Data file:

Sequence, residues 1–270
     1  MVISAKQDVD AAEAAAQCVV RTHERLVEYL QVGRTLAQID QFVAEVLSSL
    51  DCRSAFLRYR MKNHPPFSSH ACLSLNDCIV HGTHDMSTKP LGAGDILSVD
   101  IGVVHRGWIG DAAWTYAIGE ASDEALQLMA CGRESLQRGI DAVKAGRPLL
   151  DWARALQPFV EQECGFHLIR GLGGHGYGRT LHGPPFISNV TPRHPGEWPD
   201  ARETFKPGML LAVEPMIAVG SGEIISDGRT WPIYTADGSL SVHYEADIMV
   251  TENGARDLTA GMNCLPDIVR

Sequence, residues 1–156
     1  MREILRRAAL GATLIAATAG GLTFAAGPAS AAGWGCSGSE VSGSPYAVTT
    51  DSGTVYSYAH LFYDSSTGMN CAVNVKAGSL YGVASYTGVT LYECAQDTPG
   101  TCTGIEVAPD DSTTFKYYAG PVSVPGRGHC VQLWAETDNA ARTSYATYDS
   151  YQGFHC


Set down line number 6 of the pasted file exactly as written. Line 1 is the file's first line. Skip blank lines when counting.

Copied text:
   201  ARETFKPGML LAVEPMIAVG SGEIISDGRT WPIYTADGSL SVHYEADIMV